SolarWinds, Microsoft Hacks Prompt Focus on Zero-Trust Security | #microsoft | #hacking | #cybersecurity

Welcome to a new week. U.S. officials are pushing for a proactive approach to cybersecurity following the recent attacks at




One of the ideas under that approach is a so-called zero-trust security model that assumes hackers are already inside, WSJ Pro’s James Rundle reports.

Other news: Ireland is a juicy target; passworld-management software compromised; Emotet botnet uninstalling itself; improperly decommissioned computers can help hackers.

Zero Trust Security

Trust no one: In the wake of the massive breach of computer systems of multiple government agencies discovered in December, current and former officials say the U.S. must adopt a cybersecurity approach that assumes hackers are already inside a network’s defenses.

So-called zero-trust models, which set up internal defenses that constantly verify whether a device, user or program should be able to do what it is asking to, should be more widely adopted by the public and private sectors. That’s according to aid John Sherman, the acting chief information officer for the Defense Department, who spoke a virtual event last week.

Analysis by federal investigators of the recent SolarWinds Corp. and Microsoft Corp. breaches shows the hackers were often able to gain broad systems access and through networks unfettered to set up back doors and administrator accounts.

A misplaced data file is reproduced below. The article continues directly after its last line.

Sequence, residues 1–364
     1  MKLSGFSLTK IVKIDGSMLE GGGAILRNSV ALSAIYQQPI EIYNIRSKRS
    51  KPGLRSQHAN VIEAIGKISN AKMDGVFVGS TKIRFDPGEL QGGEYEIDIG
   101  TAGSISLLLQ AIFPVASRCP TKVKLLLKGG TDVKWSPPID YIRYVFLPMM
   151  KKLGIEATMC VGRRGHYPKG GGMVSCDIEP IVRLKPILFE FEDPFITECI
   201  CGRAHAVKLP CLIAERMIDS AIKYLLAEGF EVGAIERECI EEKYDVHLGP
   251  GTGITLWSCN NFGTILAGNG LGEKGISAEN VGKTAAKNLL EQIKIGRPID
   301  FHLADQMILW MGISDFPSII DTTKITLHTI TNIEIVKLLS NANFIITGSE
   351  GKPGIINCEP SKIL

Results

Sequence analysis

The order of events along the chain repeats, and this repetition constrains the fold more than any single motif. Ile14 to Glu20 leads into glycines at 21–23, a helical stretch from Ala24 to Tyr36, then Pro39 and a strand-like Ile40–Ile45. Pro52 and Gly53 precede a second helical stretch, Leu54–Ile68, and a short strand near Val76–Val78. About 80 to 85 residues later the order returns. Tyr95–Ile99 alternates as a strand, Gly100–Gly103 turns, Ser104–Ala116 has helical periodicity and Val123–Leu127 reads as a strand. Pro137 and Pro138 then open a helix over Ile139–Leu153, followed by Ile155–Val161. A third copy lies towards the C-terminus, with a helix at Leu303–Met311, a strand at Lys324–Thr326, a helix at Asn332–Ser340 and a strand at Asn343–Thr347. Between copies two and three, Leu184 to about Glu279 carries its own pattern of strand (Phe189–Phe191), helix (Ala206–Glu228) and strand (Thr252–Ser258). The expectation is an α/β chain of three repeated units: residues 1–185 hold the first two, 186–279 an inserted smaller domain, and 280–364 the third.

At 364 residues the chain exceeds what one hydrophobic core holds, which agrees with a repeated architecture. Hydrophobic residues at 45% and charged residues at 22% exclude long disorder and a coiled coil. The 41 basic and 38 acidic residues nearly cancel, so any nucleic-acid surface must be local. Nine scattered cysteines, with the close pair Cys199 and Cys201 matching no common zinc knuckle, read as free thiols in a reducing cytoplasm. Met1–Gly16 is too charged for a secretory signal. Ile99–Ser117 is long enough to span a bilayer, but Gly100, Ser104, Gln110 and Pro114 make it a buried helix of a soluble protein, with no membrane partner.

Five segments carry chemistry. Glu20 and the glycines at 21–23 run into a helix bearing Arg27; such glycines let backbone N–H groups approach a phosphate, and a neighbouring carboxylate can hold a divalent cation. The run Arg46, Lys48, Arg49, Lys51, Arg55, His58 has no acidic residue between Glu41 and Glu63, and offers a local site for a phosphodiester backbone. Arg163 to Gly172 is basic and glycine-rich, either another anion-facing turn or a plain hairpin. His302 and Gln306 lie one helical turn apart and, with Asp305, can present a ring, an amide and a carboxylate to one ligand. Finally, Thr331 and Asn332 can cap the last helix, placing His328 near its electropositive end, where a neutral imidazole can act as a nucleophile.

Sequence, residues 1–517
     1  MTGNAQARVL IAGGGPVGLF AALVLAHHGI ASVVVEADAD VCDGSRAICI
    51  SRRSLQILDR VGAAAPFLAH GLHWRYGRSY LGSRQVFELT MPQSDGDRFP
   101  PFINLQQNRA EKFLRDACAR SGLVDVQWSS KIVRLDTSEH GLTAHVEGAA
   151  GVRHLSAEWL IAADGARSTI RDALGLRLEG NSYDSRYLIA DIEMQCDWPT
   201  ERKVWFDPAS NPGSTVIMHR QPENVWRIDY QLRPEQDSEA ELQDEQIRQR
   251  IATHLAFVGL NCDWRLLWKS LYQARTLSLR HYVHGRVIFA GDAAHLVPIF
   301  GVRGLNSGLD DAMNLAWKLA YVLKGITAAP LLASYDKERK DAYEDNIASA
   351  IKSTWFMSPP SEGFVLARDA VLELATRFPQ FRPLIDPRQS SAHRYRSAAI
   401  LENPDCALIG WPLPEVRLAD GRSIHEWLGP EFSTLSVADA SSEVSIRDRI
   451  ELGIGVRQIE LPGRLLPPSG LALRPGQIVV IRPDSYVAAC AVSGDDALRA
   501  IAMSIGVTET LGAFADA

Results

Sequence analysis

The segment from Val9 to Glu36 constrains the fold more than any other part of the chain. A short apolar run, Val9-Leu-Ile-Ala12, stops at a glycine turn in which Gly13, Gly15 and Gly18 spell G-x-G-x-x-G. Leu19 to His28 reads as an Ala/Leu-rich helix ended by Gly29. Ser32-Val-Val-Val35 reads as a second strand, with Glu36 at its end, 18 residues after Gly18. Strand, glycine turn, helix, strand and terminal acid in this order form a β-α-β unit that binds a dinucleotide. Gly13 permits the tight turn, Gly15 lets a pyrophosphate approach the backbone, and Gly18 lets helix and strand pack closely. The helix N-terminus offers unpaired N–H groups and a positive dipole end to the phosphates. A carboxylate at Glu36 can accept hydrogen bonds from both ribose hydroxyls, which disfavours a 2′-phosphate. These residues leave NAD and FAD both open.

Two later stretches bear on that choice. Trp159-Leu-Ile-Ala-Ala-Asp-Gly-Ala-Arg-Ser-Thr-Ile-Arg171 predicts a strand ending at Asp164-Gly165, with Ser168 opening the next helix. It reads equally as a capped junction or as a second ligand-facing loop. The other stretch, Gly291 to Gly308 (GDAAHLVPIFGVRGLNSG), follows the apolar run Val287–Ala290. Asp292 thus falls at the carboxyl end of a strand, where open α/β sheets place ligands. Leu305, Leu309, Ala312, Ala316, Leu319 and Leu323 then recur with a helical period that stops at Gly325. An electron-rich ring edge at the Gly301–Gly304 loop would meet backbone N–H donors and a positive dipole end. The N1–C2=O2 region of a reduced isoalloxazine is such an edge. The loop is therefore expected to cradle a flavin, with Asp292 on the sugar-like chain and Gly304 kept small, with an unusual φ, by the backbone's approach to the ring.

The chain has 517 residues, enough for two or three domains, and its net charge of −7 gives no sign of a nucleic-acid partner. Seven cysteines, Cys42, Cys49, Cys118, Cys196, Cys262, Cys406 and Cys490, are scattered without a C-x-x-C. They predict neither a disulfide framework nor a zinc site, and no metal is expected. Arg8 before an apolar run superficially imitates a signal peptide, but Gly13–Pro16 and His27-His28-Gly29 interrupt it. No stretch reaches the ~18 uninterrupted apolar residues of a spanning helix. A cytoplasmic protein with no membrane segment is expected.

Read the full story.

More Cyber and Privacy News

Data bait: John Demers, assistant U.S. attorney general for national security, said that Ireland is a juicy target for hackers. The country whose business laws have lured large companies in tech, pharmaceuticals and other sectors to set up outposts there is also an attractive target for online criminals looking for valuable data, Mr. Demers said at at cybersecurity and financial crimes conference in Dublin last week. (InfoSecurity Magazine)

Goodbye, Emotet. The so-called Emotet malware botnet on Sunday began uninstalling itself from infected devices world-wide through code pushed by law enforcement authorities in Germany. (BleepingComputer)

Password manager at risk: Australia’s Click Studios SA confirmed recent software updates for its Passwordstate password-manager product were compromised. Click Studios told corporate and consumer customers who downloaded an update between April 20 and April 22 they might have unwittingly allowed malicious software onto their networks. The malware can harvest system data and deploy malicious code. Customers should reset passwords and other credentials in Passwordstate databases, the company said. (TechCrunch)

The cost of password resets: Companies often force employees or customers to reset passwords after a data breach but the costs of doing so can add up in additional calls to support lines and other administrative burdens. (The Hacker News)

Garbage out, hacker in: Improperly disposing of computers and devices can expose businesses to cybersecurity risk. Data often isn’t wiped completely from old machines, leaving hackers valuable clues about how to break into corporate and government networks. (NextGov)

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